Last autumn, one of our congregants, Gail Lutolf, died after a long illness. Our rabbi conducted the funeral, but wasn’t available to lead the shiva minyan. So she asked me to do it.

At this point, I had led a variety of services, but never in a house of mourning. But this is one of the things I have pledged my life to do. So with a pounding heart, and a sense of being in way over my head, I drove to Gail’s small but spacious house off Arnold Drive and knocked on the door.

Up to that point I had been arguing with myself over the most appropriate way to conduct the service. I mean, I knew the liturgy inside and out. But I didn’t know what to say to the people inside. What words of wisdom or comfort could I offer? For one thing, I’m not very wise, and for another, words aren’t all that comforting. For this reason, Jewish tradition teaches us that when we visit a mourner, we don’t say anything – we let them say something first, if they want. But when I knocked on the door, that all sounded trite to me — and all I could feel was afraid.

But Gail’s family – her husband, brother, mom, sister and assorted relatives – welcomed me warmly into the house. Some of our fellow congregants were there, too, to help make the minyan. They didn’t seem to know any more than I did what we should be doing. So we did what we thought best – we got out the prayer books and began the service.

I had never met Gail. And after the service, I didn’t speak – I listened. I learned a lot about her that night – her love of dogs and people, of writing, of her husband and family. Her infectious laugh and broad sense of humor. What sort of impression she made on the world of those who knew her – and what sort of hole remained when she left. By turns, we all laughed, and cried, and sat thoughfully, and then finished the service and said our goodbyes. When I went back the next night, it was like meeting old friends. And when I left again, I felt that I too had lost a friend – one that I had never known.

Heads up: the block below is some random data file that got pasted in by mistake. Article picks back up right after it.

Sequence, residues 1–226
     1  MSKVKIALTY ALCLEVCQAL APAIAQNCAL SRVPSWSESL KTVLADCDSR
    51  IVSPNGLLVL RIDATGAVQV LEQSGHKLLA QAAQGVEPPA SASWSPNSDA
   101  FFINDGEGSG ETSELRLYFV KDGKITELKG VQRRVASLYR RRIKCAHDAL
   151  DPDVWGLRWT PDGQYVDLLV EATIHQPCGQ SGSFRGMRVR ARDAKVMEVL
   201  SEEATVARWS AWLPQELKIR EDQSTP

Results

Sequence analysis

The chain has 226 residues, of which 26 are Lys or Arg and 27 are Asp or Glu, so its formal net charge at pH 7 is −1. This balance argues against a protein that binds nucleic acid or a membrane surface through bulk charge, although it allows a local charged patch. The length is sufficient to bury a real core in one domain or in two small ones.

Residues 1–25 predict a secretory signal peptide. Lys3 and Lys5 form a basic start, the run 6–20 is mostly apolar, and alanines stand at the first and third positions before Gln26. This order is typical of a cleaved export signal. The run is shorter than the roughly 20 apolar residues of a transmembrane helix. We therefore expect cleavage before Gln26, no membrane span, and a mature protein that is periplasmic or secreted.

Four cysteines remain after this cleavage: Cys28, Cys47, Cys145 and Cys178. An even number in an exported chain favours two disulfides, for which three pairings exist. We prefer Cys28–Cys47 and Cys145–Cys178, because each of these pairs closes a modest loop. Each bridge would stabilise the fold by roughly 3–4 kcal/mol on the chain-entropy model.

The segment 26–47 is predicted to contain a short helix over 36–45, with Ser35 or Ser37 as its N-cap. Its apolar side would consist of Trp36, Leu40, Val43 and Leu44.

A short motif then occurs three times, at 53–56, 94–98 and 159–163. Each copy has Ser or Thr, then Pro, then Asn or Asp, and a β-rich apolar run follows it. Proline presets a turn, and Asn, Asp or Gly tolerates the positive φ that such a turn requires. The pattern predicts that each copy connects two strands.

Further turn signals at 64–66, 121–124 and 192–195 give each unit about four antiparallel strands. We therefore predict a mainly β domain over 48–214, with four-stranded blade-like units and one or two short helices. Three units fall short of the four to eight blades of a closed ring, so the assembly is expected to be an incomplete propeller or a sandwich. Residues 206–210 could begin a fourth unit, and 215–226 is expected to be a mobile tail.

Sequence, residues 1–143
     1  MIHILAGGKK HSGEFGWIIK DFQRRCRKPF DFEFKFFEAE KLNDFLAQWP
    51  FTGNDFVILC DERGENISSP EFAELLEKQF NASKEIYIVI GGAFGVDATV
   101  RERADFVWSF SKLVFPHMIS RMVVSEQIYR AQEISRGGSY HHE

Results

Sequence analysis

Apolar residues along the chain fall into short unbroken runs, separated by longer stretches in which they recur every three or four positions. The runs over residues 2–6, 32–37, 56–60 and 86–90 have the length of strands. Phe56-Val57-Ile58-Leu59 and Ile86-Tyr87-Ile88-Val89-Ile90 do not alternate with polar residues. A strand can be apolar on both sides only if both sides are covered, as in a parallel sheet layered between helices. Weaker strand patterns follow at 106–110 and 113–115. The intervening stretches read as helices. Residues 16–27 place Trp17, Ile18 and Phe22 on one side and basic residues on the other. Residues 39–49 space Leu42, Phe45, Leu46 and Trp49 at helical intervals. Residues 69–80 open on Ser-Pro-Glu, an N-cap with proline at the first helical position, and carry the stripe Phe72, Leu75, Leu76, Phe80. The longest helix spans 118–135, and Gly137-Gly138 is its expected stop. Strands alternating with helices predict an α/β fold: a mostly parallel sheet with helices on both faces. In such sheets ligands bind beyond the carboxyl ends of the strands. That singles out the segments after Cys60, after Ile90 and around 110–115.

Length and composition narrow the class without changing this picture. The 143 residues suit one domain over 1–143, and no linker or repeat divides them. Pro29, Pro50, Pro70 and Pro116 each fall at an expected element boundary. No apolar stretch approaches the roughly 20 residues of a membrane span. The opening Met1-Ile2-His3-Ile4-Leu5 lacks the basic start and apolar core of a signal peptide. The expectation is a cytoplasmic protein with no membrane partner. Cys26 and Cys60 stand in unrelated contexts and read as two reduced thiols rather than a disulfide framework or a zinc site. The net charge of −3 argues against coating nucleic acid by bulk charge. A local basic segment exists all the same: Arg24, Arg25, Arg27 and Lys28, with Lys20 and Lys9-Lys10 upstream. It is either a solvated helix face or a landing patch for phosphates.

Let’s take a moment to look around the room.

We may not know each other, but we all have something in common. All of us have been touched by someone who isn’t here any more. We can see it in each other’s eyes, hear it in each other’s breathing, and know it in each other’s hearts. We don’t need to speak it in order to know it – we just have to be here.

In that way, I think the lives which touched us individually also touch us as a community. We learned something from these people – we carry them with us wherever we go – and whether or not we’re aware of it, we pass a part of them along to everyone we meet.

As I said, I never met Gail Lutolf. But she taught me two valuable lessons about connection.

The first is that, like an endless chain of relay racers, we are the link between those who came before us, and those whom we ourselves will leave behind. We stand in the center, holding hands with the future and with the past. And this is true whether or not we see it.

The second is that those links are easier to spot than we may think. In fact, they’re as close as the person sitting next to us – if only we learn how to listen.